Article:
My ideal reader is one that is living. I was going to say a human being, but to be honest, I’m not even that fussed what they identify as. I grew up in an old mining town on the outskirts of Bristol where my mum grew up. People didn’t really read. And so I’ve been asking myself a lot of big questions about fiction and why we should bother. Why should people read?

There are a lot of studies out that that explain how art helps us to understand ourselves and humanity better. Artists deal in feelings better than any other discipline. In the days we live in, it’s so important that we recognise the importance of feelings and how they influence us. Society doesn’t encourage us to be okay with them. They’re considered second-rate. But they have such a big influence on us. I read a study once that a judge’s decisions became more harsh depending on the time of day and his eating patterns (ie – if he’s hangry then you’ve no hope in hell). So it doesn’t matter how smart you are, or how aware you are, your feelings are more in control of you than you know.

We are not machines. We are not products. So I think it’s vital that we value artists, and that artists recognise their own worth, their own power. What people are consuming right now is influencing them in ways they don’t even realise. And we need to write, sing, dance, paint our way out of it. We need a new story to tell ourselves. Stories that have peace, hope, joy, magic. Stories that make you glad to be alive. Stories that bring us together. But ultimately, we need more people reading, and that’s a challenge I’m interested in taking on. So I guess they’re the ones I want to reach out to.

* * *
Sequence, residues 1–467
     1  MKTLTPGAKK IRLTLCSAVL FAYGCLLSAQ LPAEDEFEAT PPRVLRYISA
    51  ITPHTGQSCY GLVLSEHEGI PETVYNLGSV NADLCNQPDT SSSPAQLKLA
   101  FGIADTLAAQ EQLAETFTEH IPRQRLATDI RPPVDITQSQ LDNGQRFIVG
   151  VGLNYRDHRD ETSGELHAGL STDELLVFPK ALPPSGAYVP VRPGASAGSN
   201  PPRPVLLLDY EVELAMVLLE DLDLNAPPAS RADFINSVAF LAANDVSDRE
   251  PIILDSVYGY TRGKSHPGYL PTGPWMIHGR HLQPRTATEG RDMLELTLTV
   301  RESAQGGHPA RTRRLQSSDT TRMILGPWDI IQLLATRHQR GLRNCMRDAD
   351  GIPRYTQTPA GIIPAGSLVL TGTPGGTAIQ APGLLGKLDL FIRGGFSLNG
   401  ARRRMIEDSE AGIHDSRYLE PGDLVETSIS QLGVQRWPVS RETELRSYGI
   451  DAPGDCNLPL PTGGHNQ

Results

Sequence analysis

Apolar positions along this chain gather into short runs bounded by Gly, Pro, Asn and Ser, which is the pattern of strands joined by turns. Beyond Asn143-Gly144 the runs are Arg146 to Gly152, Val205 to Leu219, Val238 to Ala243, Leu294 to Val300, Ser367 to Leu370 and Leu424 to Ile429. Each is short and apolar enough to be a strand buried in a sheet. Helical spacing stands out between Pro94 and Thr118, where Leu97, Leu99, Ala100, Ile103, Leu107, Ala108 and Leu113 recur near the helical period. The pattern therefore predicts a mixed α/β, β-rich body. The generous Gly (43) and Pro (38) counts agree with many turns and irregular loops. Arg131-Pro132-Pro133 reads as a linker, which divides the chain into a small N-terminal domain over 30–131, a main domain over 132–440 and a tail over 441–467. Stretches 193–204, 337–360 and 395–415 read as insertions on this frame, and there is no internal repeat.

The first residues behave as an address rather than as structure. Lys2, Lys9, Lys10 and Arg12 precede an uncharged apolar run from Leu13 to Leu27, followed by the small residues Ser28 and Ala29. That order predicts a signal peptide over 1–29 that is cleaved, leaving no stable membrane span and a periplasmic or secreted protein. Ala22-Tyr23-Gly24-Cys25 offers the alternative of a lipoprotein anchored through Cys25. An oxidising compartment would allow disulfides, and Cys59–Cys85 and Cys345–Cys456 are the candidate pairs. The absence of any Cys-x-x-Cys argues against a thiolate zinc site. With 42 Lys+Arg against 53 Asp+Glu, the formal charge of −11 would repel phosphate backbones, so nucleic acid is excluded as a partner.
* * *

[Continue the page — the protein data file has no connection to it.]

What do you hope readers will take away from your collection? 

That anything is possible. That we are the writers of our own story. That we can be who we really are. A few people have read my collection and told me which stories were their favourites, and what I love the most is that they all chose different ones. I really wanted to cover a range of people, a spectrum of identities, ages, genders, backgrounds – that felt true to Bowie, and what he stood for. I wanted the collection to reflect his essence. Bowie in himself is a powerful idea. He reached out to everyone who didn’t fit in, and it turns out, that’s a hell of a lot of people. Like many, he gave me permission to be as outrageous as I wanted. He allowed me to take risks. To be true to myself. I hope people reading my collection will feel that too.

Can you describe the process of putting together a flash collection?

The initial idea only came when someone asked me to write a collection. I had wanted to put one together for a while. But every theme or idea I had to string a bunch of stories together ran out of juice. It was like being in a labyrinth, thinking you’re on the right track, only to find myself at another dead end.